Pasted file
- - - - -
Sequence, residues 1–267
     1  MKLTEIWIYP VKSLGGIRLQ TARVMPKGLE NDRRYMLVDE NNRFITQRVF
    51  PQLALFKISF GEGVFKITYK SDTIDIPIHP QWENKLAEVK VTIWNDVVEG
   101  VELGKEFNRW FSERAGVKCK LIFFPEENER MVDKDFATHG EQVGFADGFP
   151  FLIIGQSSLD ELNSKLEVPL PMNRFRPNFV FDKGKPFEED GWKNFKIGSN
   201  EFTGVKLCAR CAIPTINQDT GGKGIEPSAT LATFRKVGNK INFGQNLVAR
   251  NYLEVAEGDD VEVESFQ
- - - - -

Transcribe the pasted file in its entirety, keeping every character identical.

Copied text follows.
Sequence, residues 1–267
     1  MKLTEIWIYP VKSLGGIRLQ TARVMPKGLE NDRRYMLVDE NNRFITQRVF
    51  PQLALFKISF GEGVFKITYK SDTIDIPIHP QWENKLAEVK VTIWNDVVEG
   101  VELGKEFNRW FSERAGVKCK LIFFPEENER MVDKDFATHG EQVGFADGFP
   151  FLIIGQSSLD ELNSKLEVPL PMNRFRPNFV FDKGKPFEED GWKNFKIGSN
   201  EFTGVKLCAR CAIPTINQDT GGKGIEPSAT LATFRKVGNK INFGQNLVAR
   251  NYLEVAEGDD VEVESFQ